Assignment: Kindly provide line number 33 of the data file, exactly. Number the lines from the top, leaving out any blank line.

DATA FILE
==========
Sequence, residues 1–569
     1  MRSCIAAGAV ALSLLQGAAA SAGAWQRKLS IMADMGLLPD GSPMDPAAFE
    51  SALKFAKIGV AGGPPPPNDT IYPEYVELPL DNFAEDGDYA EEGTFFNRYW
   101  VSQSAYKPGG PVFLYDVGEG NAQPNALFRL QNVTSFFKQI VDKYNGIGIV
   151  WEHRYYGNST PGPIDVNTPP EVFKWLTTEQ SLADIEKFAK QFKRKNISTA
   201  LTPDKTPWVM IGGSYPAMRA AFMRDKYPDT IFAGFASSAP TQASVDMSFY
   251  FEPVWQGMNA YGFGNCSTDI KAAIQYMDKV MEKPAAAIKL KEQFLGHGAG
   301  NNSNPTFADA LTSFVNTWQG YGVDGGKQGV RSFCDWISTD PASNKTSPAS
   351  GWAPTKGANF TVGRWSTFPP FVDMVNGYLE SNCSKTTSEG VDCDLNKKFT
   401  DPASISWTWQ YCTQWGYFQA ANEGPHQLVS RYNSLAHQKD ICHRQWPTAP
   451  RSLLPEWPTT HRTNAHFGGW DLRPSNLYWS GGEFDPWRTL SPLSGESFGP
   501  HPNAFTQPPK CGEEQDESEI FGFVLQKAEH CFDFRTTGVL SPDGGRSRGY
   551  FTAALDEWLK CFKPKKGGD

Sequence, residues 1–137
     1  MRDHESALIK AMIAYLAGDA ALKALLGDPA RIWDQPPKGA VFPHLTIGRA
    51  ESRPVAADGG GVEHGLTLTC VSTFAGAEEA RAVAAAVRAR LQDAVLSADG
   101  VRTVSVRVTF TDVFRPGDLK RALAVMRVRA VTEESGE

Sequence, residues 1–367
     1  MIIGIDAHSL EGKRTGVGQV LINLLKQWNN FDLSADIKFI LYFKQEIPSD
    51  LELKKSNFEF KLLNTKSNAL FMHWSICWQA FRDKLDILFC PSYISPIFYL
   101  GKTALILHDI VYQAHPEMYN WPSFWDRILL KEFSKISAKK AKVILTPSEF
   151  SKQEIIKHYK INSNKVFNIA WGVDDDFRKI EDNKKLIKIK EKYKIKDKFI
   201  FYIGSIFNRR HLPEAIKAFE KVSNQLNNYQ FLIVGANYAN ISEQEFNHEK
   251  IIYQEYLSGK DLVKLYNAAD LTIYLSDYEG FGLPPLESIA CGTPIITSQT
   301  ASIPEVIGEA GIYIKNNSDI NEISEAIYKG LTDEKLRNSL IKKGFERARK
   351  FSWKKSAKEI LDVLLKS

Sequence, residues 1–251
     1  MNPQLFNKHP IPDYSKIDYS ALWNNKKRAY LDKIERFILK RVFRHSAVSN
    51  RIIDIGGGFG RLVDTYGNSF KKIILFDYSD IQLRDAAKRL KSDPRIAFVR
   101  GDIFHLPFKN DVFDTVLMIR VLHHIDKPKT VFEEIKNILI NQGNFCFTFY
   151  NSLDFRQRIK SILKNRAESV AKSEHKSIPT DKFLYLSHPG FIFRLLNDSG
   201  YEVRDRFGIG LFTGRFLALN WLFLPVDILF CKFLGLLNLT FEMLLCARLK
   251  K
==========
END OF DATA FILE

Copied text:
   251  K